David and I have been wanting some oysters all season. The other day we decided to pay a visit to our local seafood shop. We cleaned the snow off the car that had accumulated the day before Thanksgiving and headed to see if we could find an oyster.Guess what we saw in the display case just as soon as we walked into the seafood shop? Yep, oysters. The lady behind the counter said these oysters were Chincoteague Oysters from Virginia’s Eastern Shore. They were a little expensive, but we wanted them bad enough to make the splurge. We got two dozen and she was nice enough to give us a couple extra just in case any were bad.
I decided to do some research about the Chincoteague Oysters. Here is what I found out:
Raised on the Atlantic side of Virginia’s eastern shore, Chincoteague Oysters are a full flavored oyster that pack an extremely salty punch. This distinctive briny flavor is washed away to reveal a sweet buttery finish with the ocean oyster flavor. These oysters are the original “salt” oysters that Virginia is known for. Chincoteague oysters predate the earliest settlements along the Chesapeake. The knowledge of harvesting and cooking oysters passed on from native tribes probably helped America’s first settlers through their first hard winters. Traditionally the oysters of this region were harvested from the ocean floor by day boats using hand tongs. That was later replaced by more recent aquaculture method of seeding the oysters in cages for protection from damage. Chincoteague Bay was the first area in Maryland to embrace aquaculture on a widespread basis in place of wild harvesting, beginning shortly after the Civil War. The clear, salty Atlantic water pours through Chincoteague Inlet and provides local oysters an excellent environment for growth and giving them a distinctive, sweet and salty flavor. Other oysters are brought in and left to take on the salinity of the bay for a few weeks and sold as Chincoteague oysters. These “mock” Chincoteague oysters have the familiar high briny flavor but not much more taste beyond that.
We took the oysters home and we would have them as an appetizer for our Saturday night steak. Yep, we would be eating high on the hog that night…
Oysters need to be kept extremely cold, so what better way to keep them cold, but then to put them outside in the cold on our snow covered deck?!?! They would sit there very happy until later that evening when we were ready for them. David and I like oysters best steamed open. Normally, we would just throw these bad boys up on the grill and let them pop open that way, but since David was going to cook steaks, he didn’t want the high heat of the charcoal to die down too much, since that is what seals in the juices of the steaks.We decided to place them on some foil lined baking sheets and bake them open in the oven.Most people probably use cocktail sauce or tartar sauce, maybe even a little lemon juice to go along with their oysters. That is a perfectly fine way to eat oysters, but David and I LOVE, LOVE, LOVE Smoked Chipotle Tobasco Sauce.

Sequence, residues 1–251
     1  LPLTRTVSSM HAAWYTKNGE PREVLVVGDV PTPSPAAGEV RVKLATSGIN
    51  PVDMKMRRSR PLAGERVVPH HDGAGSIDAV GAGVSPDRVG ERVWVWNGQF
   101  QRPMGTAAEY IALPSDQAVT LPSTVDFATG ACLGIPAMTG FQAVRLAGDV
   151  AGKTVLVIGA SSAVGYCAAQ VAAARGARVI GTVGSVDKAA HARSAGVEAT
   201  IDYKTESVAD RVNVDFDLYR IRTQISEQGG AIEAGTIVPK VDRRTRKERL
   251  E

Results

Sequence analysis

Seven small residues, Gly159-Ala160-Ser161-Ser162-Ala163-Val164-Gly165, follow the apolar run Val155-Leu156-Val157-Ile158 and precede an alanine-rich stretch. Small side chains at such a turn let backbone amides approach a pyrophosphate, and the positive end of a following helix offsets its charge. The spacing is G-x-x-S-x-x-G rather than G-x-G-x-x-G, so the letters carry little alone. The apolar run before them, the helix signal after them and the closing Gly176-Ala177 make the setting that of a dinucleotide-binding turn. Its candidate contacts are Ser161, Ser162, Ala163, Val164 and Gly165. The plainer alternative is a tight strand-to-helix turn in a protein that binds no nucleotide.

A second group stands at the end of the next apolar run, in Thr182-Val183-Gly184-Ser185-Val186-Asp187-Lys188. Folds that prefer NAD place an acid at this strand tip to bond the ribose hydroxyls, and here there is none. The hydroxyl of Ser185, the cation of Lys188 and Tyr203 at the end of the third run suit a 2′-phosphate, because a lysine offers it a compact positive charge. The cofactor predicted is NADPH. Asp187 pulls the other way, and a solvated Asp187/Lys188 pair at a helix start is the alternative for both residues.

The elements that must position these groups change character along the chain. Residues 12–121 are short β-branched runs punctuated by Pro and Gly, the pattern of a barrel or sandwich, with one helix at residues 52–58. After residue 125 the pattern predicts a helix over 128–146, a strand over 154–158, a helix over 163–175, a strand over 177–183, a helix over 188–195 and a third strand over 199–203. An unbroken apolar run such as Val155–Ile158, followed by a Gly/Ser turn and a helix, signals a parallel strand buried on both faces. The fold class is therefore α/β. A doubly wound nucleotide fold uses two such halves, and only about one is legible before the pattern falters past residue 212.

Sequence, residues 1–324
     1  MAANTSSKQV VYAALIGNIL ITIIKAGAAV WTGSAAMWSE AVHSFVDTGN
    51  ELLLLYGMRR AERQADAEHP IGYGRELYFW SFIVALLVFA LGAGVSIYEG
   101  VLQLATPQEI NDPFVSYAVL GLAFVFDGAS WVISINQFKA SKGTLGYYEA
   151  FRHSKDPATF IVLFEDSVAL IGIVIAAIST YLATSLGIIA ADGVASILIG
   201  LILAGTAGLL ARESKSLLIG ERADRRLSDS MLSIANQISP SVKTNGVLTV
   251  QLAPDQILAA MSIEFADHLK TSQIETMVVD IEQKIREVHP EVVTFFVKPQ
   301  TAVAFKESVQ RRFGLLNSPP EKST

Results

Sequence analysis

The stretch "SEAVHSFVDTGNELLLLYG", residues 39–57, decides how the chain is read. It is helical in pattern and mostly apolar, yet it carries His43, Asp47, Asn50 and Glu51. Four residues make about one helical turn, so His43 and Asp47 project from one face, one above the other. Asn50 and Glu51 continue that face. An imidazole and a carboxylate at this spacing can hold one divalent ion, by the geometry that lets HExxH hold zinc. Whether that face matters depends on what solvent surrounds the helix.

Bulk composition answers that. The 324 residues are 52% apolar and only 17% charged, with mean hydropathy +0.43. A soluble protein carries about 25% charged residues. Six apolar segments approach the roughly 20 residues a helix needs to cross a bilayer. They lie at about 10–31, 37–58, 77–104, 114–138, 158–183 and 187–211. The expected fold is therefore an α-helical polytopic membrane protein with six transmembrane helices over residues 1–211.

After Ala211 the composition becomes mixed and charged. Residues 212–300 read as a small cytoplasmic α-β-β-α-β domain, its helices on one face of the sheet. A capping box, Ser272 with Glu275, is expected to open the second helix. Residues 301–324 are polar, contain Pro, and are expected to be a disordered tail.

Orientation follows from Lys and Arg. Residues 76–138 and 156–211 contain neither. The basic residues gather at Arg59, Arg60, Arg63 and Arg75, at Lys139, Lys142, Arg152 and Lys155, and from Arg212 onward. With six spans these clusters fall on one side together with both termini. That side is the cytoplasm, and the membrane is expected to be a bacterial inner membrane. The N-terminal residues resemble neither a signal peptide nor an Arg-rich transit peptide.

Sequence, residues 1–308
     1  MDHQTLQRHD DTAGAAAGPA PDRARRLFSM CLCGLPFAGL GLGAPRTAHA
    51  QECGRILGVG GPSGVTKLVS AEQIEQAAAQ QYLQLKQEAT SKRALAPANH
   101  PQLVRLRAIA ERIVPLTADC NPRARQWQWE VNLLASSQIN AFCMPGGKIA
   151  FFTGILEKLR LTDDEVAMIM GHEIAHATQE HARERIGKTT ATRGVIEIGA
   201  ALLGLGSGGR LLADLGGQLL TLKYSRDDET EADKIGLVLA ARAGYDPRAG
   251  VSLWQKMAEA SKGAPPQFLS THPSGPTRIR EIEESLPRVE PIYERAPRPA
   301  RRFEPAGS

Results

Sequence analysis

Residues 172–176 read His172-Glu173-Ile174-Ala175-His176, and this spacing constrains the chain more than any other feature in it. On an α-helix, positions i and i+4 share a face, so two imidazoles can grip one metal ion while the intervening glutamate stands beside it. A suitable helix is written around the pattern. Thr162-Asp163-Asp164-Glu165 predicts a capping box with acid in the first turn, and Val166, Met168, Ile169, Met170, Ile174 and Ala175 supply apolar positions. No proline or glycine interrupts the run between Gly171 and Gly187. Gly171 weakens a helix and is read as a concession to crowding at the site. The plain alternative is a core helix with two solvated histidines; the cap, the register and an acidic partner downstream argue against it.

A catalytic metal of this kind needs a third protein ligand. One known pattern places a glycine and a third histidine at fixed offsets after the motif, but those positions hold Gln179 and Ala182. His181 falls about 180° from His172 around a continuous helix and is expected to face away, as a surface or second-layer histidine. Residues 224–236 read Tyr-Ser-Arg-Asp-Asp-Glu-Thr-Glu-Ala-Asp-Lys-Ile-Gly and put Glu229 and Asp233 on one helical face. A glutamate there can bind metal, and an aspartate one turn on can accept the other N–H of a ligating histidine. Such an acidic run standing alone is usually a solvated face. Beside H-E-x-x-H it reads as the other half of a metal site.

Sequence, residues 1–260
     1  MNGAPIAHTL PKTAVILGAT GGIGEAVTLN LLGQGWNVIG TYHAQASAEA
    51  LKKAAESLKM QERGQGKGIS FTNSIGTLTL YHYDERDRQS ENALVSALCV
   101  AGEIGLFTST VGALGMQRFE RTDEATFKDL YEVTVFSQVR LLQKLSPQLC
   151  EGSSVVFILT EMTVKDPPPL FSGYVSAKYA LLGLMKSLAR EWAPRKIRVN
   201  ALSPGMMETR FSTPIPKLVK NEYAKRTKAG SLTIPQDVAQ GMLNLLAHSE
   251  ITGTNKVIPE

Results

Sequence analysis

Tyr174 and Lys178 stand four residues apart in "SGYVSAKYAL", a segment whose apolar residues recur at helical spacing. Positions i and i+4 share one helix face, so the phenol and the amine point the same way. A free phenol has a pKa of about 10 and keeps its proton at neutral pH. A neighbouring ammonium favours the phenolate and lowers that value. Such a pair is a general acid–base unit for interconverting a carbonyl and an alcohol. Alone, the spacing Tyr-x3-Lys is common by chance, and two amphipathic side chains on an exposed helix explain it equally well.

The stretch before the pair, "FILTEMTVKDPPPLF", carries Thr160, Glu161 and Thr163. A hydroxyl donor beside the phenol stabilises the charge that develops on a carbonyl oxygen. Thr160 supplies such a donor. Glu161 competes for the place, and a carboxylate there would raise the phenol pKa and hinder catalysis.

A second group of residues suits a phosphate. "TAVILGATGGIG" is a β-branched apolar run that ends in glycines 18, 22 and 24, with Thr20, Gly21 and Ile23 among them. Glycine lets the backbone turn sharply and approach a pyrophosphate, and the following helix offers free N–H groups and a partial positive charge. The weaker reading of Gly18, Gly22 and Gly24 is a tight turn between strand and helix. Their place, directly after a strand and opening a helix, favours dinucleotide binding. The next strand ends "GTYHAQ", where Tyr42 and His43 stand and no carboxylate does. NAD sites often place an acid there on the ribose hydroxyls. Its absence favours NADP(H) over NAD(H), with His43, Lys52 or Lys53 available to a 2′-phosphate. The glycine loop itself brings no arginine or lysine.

Now, were not promised anything to plug this sauce, but I am here to tell you, this sauce is so good with the saltiness of the oysters it’ll almost make you want to slap your mama!! Yeah, that good… If you love steamed oysters, then definitely give this a try the next time you have some. YUM, YUM, YUM! Yes, we also tried some Sriracha, but it just didn’t taste as good as the chipotle sauce.
Thank goodness we had only planned for the oysters to be an appetizer. Even though all 26 oysters opened, these were disappointingly small. Oh shucks!!
On Tuesdays, one of my favorite grocery stores has whole, boneless, skinless chicken breasts on sale. I like to plan chicken meals around this day so that I can get the fresh chicken for a bargain. Since I shared the two sun dried tomato pesto chicken recipes last week, I wanted to show you how easy it is to fillet whole chicken breasts. Filleting chicken breast makes for more even cooking and keeps you from having to cut the chicken into portions once it is cooked so that you do not have to worry about loosing the juiciness of the chicken. Here’s how you cut the fillets:
I hope this helps you make your chicken go a little farther in your kitchen and perhaps saves you a dollar or two at the store.
My new found love for red peppers led me to this recipe I adapted from Lovely Little Kitchen. This pasta dish is creamy and so flavorful you won’t believe it. Here’s how I made Red Pepper and Spinach Linguine With Parmesan Cream Sauce:
Oddly enough, I have had some very nauseating experiences after eating bananas since I was a young teen. I believe that it is the only food I am allergic to. Makes me sad, because I really do like them. :(